I am telling the truth; I swear this is the truth: I love you, baby. Cross my heart (1908+)
Attest to the truth of something; solemnly assure someone that the truth has been spoken. For example, I did lock the door—cross my heart and hope to die! This phrase most likely originated as a religious oath based on the sign of the cross; it is generally accompanied by hand gestures such as crossing one’s hands over one’s breast and then pointing the right hand skyward (a variant is cross my heart and point to God). Today most often uttered by children, it was first recorded in 1908.
[kraws-nash-uh-nl, ‐nash-nuh l, kros-] /ˈkrɔsˈnæʃ ə nl, ‐ˈnæʃ nəl, ˈkrɒs-/ adjective 1. pertaining to or involving two or more nations.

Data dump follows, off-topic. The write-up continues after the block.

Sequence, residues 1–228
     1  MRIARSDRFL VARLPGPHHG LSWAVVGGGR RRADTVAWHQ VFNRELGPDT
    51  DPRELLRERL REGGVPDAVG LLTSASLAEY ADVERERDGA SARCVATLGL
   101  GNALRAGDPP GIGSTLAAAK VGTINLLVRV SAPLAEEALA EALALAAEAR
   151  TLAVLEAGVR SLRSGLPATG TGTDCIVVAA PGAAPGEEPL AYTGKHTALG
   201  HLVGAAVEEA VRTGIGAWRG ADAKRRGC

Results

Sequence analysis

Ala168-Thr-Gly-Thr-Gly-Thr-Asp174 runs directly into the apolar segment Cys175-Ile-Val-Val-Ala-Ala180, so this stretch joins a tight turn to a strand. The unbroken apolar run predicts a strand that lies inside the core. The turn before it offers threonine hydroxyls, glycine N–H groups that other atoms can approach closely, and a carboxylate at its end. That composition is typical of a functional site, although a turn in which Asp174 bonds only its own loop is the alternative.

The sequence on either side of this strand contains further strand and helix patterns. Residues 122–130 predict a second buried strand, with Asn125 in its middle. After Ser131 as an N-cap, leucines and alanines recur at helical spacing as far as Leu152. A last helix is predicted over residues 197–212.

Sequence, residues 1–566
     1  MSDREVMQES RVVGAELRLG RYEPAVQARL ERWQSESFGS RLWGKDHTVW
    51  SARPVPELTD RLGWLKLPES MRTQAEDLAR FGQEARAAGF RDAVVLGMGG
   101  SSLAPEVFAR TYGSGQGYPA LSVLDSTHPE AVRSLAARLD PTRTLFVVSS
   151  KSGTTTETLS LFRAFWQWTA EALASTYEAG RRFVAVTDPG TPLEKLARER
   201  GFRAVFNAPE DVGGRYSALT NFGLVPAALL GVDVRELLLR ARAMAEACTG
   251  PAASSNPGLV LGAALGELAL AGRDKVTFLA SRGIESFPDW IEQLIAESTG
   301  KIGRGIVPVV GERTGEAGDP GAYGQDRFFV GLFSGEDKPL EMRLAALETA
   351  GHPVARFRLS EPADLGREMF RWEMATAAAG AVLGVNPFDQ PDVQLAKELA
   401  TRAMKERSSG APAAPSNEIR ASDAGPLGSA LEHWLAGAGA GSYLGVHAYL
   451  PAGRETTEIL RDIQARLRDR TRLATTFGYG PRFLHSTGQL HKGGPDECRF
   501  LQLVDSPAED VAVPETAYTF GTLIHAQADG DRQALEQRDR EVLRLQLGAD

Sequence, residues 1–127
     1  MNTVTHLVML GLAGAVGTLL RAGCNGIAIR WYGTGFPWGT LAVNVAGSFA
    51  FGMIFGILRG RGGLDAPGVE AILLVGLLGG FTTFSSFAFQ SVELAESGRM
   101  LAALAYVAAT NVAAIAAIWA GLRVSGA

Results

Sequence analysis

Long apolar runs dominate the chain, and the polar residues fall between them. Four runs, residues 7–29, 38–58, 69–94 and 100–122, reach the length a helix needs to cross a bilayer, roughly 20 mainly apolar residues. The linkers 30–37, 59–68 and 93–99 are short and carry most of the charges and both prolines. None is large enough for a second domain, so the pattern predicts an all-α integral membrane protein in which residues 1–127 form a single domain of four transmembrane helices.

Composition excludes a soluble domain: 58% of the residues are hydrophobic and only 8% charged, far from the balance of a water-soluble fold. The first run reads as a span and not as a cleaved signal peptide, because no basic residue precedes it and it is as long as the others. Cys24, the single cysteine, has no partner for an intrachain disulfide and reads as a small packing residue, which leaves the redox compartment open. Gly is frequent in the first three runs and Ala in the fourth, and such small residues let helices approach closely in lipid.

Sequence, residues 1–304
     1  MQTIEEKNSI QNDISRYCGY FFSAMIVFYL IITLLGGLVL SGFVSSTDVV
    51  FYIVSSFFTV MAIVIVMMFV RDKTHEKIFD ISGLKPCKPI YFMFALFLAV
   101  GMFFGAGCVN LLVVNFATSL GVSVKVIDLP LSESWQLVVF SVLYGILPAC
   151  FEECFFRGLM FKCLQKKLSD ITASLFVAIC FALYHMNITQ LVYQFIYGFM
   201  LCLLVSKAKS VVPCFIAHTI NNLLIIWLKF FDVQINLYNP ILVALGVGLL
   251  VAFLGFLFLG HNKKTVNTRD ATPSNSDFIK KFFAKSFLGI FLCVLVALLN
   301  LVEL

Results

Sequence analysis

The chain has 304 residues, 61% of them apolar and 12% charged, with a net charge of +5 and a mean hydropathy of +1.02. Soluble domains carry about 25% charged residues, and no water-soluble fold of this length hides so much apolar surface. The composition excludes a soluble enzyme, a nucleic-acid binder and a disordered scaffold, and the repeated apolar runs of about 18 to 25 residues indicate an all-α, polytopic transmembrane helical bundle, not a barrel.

adjective 1. having to do with interaction between the senses
- Cross of gold speech
An address by the presidential candidate William Jennings Bryan to the national convention of the Democratic party in 1896. Bryan criticized the gold standard and advocated inflating the currency by the free coinage of silver, a measure popular among the debt-ridden farmers whom Bryan championed. “You shall not press down upon the brow of labor […]
noun 1. a Latin cross with a representation of steps beneath it.